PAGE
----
Next to July 4th, this was the most anticipated day of the fest for me, and for two reasons: SS Bountyhunter and Pedro The Lion. But more on that later.
First up was Luxury. I’ve been listening to Luxury since their Tooth & Nail debut, Amazing And Thank-You. In recent years, they’d dropped off of my radar, occasionally reappearing every so often with some new tidbit. I’d seen Lee Bozeman (their frontman) perform a solo set a few years back (after their tragic post-Cornerstone accident). So I was looking forward to seeing the whole band in effect.
Unfortunately, I think I would’ve got into them more if the sound had been better. For me, Luxury’s strongest point has always been Bozeman’s sultry, Morrissey-esque voice. However, the mix was off so his vocals were buried. But on the bright side, they did do some smashing versions of “Pink Revenge,” “Solid Gold,” and “I Know Why The Caged Bird Sings” (my fave Luxury songs).
I skipped out on Canary (a Luxury side-project) to make it over to the SS Bountyhunter press conference. Well, maybe “conference” isn’t the right term. It was far more informal than that. Unlike their the stage personas, the band is actually very amicable and easy-going. The band answered many questions about the methods to their madness, their inspirations, and their latest album (Serpents For Eggs).
To some people’s surprise, I skipped the Joy Electric show that day to make it over to the New Band Stage to catch The Billions. Their self-released album, Quiet As It’s Kept, had really grown on me, so I was anxious to catch their live show, especially since some I know had talked it up quite a bit. To be honest, their show sucked. But I place all of the blamed on the sound. If there was any shining example of the poor sound this year, I’d have to say this show was it.
The thing about The Billions is that they’ve got tremendous vocals and arrangements in their music. Unfortunately, the sound was so bad that you couldn’t hear any of it. It was obvious the band was frustrated with it, as they kept asking for corrections throughout their set, but to no avail. If you were at their set and left feeling underwhelmed, go find a copy of Quiet As It’s Kept anyways. You’ll be glad you did.
Now it was time to rest up and prepare for the SS Bountyhunter set. Ever since I saw their show last year, I’ve been looking forward to this. I headed back to the campsite and rested up for a bit, and then changed into my outfit, replete with afro and pornstar shades.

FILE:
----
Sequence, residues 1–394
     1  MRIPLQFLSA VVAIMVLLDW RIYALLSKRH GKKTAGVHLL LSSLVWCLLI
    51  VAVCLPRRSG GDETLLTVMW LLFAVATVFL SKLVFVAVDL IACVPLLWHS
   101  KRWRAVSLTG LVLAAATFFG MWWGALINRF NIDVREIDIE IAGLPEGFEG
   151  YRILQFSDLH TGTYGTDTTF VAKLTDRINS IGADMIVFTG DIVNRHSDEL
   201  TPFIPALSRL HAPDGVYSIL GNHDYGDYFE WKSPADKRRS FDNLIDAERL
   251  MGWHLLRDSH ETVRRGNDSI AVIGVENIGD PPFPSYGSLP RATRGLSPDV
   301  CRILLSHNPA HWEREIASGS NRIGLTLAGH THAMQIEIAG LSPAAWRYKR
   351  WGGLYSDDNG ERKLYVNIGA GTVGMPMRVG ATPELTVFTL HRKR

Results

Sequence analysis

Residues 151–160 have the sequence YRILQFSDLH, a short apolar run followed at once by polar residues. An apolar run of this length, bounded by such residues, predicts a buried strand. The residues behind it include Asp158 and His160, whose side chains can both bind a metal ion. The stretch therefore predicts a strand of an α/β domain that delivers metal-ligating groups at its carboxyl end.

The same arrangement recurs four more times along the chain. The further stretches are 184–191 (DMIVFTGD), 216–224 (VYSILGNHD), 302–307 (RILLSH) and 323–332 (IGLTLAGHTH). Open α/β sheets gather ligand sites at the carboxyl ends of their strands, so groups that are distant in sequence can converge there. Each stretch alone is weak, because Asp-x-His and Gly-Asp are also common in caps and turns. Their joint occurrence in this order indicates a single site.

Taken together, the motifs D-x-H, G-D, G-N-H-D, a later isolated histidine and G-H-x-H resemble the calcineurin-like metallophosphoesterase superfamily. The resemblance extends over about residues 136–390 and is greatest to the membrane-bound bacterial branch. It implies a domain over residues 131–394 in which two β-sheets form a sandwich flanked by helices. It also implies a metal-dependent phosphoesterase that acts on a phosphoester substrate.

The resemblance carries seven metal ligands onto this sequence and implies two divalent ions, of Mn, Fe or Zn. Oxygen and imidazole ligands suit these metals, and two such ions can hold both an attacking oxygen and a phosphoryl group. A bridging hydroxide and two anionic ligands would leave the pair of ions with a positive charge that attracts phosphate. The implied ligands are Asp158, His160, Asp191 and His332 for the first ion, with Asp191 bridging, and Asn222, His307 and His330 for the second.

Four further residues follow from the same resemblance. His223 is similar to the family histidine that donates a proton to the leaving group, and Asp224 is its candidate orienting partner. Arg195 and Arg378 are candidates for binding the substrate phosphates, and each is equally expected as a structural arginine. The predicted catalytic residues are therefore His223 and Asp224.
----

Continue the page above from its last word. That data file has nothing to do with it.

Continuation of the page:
It was during this time that I discovered an odd fact about Cornerstone. If you want to stand out among all of the other wierdos, wear an afro. Never mind the fact that there are people with bright pink mohawks and enough piercings to make a metal detector explode walking around. People seemed to totally dig the afro. Unfortunately, none of them were gorgeous models. Ah well… the disappointments of Cornerstone.
Anyways, my friend Liz and I made it to the Underground stage and I promptly joined Nolan, Tricia, and the rest at the front of the stage.
I wasn’t sure what was going on when a guy walked on stage and announced that, due to the nature of last year’s performance, the festival wasn’t allowing SS Bountyhunter to do any crazy antics this year. But my fears were allayed when I saw the band, bruised and bloodied, take the stage and proceed to kick the crap out of their would-be partypooper. In less than 3 seconds, the crowd went from calm and quiet to unrestrained chaos. And the madness was just beginning.
Soon enough, they had the guy taped to chair and were working him over, Reservoir Dogs style (and yes, the nunchucks were in full effect). I’ll admit that it got a little disturbing, almost to the point where I was afraid that the band had crossed the line. I had prepared myself for an insane show, but it seemed like this performance was going to turn into some wierd quasi-snuff film.
But I need not have worried. The band ended their set in complete madness, covered in fake blood and shattered glass. And then, their vocalist, who just minutes before had been getting medieval on the crowd’s ass, made a pointed statement about the shallowness of Christian pop culture (in the form of “Christian” shirts and whatnot).
After the dust had settled, I ran into my friend Elaine. We chatted for a little bit, and I headed back to the campsite to get changed back into some more comfortable clothing. I made it back for the last few songs of Jai Agnish. What little I heard I liked, that’s all I’m afraid I can say.
Then came on the Danielson Famile. They’d been strangely absent from last year’s performance, but the whole clan was up there this time, complete with nurse outfits. To say that they’re an acquired taste is an understatement, but I love their strange blend. Clint and I were backstage for most of the show, and from our perch the family put on a remarkable show.
And then was Pedro the Lion. I’ll admit that I walked into the show with a little skepticism. Every time I’ve seen Pedro the Lion, it’s a tremendously emotional experience, and I’m always afraid that each time will be a letdown. But David Bazan (who is Pedro the Lion for all intents and purposes) still impressed me with his honesty, humility, and passion.
Pedro the Lion played a stunning 2-hour set, and each song was delivered with passion and power. But even more engaging than the music was Bazan’s words, as he spoke about the arts, creativity, and his thoughts on their role in the Church. It was something that I could really relate to, and I walked out incredibly appreciative for having been there.
Read more about Cornerstone 2001.
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I've also written for Christ and Pop Culture, ScreenAnarchy, Filmwell, and Christian Research Journal. I pay the bills by creating beautiful user interfaces and websites for Firespring and Red Bicycle.